Advertisement

Environmental Earth Sciences

, Volume 65, Issue 2, pp 493–504 | Cite as

The environmental impact of Aguilar mine on the heavy metal concentrations of the Yacoraite River, Jujuy Province, NW Argentina

  • Alicia Kirschbaum
  • Jesica Murray
  • Emilce López
  • Ahinoam Equiza
  • Marcelo Arnosio
  • Geraldo Boaventura
Special Issue

Abstract

The Yacoraite River and its tributaries run down the eastern slope of the Aguilar Range. It is one of the tributaries of the Rio Grande, located in Quebrada de Humahuaca, a UNESCO World Heritage site. The Aguilar underground mine (Pb–Ag–Zn) is located in the upper reaches of the Yacoraite River drainage basin. The aim of this work is to characterize the presence of heavy metals in water and sediments of the Yacoraite River and to identify their sources. The analysis shows the seasonal variation of heavy metals concentration in water and their relation with the World Health Organization (WHO) limits established for human consumption. The Yacoraite basin is naturally anomalous in some metals and some elements, such as As which is controlled by the chemical composition of regional lithology. During the wet season, Al, Co, Mo and Pb concentrations in water samples are higher than during the dry season; in addition, these metals are also higher than WHO limit values. High enrichment factors for Ba, Mo, Pb, Zn and Cd were found in Casa Grande stream, indicating the direct influence of the mining activities. Cd, Pb and Zn are present in the Aguilar ore minerals, such as sphalerite and galena. Sediments collected during the dry season show a drastic increase in the concentration of As, Pb, Ba, Zn, Cd and Mn. The Müller geo-accumulation index in Casa Grande indicates that it is a highly polluted stream. The concentrations of As, Pb, Ba, Zn, Cd are also high in Yacoraite River: Security Quality Guidelines indicates toxicity. A decrease in enrichment factors and geo-accumulation indices observed in sediments indicates the occurrence of precipitation/adsorption processes in the river to restore the equilibrium composition. Strict environmental controls in Aguilar Mine are necessary to avoid the uncontrolled input of toxic metals in Casa Grande stream and Yacoraite River.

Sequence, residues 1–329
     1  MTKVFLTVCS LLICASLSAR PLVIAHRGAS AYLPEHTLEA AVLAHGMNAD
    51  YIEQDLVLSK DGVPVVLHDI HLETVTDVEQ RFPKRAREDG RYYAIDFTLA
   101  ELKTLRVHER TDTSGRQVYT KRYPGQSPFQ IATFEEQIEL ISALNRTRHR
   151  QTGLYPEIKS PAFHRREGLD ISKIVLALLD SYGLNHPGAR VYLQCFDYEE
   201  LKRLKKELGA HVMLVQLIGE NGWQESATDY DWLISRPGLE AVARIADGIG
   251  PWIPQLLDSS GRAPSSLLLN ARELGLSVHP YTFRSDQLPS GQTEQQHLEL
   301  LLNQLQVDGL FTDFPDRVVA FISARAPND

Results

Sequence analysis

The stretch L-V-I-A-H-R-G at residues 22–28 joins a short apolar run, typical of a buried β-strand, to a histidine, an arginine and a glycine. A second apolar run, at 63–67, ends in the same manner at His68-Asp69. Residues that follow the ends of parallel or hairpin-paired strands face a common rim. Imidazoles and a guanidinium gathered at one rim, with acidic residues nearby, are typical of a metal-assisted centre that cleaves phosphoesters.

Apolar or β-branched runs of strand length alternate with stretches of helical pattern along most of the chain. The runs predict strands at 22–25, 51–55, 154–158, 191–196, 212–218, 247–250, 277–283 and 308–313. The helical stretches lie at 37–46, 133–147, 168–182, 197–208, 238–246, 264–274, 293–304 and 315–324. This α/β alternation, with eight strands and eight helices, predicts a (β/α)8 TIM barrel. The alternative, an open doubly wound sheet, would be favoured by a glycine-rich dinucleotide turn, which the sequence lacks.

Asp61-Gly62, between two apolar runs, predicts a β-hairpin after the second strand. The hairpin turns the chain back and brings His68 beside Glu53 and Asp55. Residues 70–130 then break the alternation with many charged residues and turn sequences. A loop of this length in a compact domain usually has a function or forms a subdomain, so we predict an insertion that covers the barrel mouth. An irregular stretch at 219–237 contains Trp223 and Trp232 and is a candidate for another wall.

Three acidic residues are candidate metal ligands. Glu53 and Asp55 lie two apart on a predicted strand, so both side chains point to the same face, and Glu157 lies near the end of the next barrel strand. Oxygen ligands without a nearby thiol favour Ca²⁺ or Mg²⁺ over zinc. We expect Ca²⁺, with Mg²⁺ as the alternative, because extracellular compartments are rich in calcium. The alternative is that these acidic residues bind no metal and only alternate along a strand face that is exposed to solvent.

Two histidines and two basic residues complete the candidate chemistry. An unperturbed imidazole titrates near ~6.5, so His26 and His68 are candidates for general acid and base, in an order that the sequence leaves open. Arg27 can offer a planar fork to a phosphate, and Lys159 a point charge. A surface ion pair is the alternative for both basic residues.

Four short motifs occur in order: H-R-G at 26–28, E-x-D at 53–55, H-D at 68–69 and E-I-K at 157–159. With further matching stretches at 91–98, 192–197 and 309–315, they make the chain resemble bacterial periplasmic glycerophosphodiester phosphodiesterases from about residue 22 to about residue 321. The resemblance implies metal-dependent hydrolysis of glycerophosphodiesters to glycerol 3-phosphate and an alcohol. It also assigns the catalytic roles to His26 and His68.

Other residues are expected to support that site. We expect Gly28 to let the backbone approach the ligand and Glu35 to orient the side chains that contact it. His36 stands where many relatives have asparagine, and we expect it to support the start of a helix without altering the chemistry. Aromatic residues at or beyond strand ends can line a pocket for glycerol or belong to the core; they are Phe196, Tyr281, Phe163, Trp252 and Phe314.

Keywords

Heavy metals Yacoraite River Mining activity Pollution Argentina 

Notes

Acknowledgments

The authors are grateful to Red Puna social group and to Iñigo Labeaga (Engineer from Engineers Without Borders group) for the fieldwork assistance; to Alejandro Nieva, for his works in sample preparation; and to anonymous reviewers that gave helpful suggestions to improve the manuscript. This work was partially supported by the research council from the Universidad Nacional de Salta (Projects numbers 1674 and 1859). Pedro Depetris improved the English writing on the manuscript.

References

  1. Bianchi AR, Yañez CE (1992) Las precipitaciones en el Noroeste Argentino. 2rd edn. Instituto Nacional de Tecnología Agropecuaria (INTA) Estación Experimental Regional Agropecuaria Salta. Secretaría de Estado de Agricultura, Ganadería y Pesca de la Nación, Salta. http://www.inta.gov.ar/prorenoa/zonadescarga/Precip_NOA/Precipitaciones_del_noa.pdf
  2. Davutluoglu OI, Seckin G, Ersu CB,Yilmaz T, Sari B (2011) Assessment of metal pollution in water and surface sediments of the Seyhan River, Turkey, using different indexes. Clean-Soil Air Water 39(2):185–194Google Scholar
  3. Gaillardet J, Viers J, Dupré B (2005) Trace elements in river waters. In: Drever JI (ed) Surface and ground water, weathering and soils, vol 5. In: Holland HD, Turekian KK (eds) Treatise of geochemistry, 1st edn. Elsevier-Pergamon, Oxford, pp 225–272Google Scholar
  4. Herbert RB Jr (2006) Seasonal variations in the composition of mine drainage-contaminated groundwater in Dalarna, Sweden. J Geochem Explor 90:197–214CrossRefGoogle Scholar